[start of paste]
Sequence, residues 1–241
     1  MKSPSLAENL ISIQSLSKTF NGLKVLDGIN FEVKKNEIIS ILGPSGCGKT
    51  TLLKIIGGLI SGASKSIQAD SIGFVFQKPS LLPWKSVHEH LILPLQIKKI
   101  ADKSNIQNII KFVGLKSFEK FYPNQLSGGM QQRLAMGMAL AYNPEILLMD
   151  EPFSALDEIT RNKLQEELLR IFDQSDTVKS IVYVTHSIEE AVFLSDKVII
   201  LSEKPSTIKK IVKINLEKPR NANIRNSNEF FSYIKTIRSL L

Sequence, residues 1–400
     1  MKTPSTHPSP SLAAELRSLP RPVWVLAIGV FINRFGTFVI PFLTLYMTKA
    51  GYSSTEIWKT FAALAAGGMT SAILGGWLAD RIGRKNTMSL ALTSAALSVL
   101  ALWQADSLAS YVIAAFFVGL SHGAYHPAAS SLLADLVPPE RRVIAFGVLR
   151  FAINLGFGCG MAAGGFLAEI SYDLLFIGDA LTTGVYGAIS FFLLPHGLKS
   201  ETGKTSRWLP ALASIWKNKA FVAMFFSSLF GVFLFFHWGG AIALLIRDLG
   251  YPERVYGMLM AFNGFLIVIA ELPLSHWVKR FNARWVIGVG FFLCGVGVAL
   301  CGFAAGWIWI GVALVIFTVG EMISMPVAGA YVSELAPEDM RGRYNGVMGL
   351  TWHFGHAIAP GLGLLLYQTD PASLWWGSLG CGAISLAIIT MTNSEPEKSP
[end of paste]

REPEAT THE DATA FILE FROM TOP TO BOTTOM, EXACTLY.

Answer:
Sequence, residues 1–241
     1  MKSPSLAENL ISIQSLSKTF NGLKVLDGIN FEVKKNEIIS ILGPSGCGKT
    51  TLLKIIGGLI SGASKSIQAD SIGFVFQKPS LLPWKSVHEH LILPLQIKKI
   101  ADKSNIQNII KFVGLKSFEK FYPNQLSGGM QQRLAMGMAL AYNPEILLMD
   151  EPFSALDEIT RNKLQEELLR IFDQSDTVKS IVYVTHSIEE AVFLSDKVII
   201  LSEKPSTIKK IVKINLEKPR NANIRNSNEF FSYIKTIRSL L

Sequence, residues 1–400
     1  MKTPSTHPSP SLAAELRSLP RPVWVLAIGV FINRFGTFVI PFLTLYMTKA
    51  GYSSTEIWKT FAALAAGGMT SAILGGWLAD RIGRKNTMSL ALTSAALSVL
   101  ALWQADSLAS YVIAAFFVGL SHGAYHPAAS SLLADLVPPE RRVIAFGVLR
   151  FAINLGFGCG MAAGGFLAEI SYDLLFIGDA LTTGVYGAIS FFLLPHGLKS
   201  ETGKTSRWLP ALASIWKNKA FVAMFFSSLF GVFLFFHWGG AIALLIRDLG
   251  YPERVYGMLM AFNGFLIVIA ELPLSHWVKR FNARWVIGVG FFLCGVGVAL
   301  CGFAAGWIWI GVALVIFTVG EMISMPVAGA YVSELAPEDM RGRYNGVMGL
   351  TWHFGHAIAP GLGLLLYQTD PASLWWGSLG CGAISLAIIT MTNSEPEKSP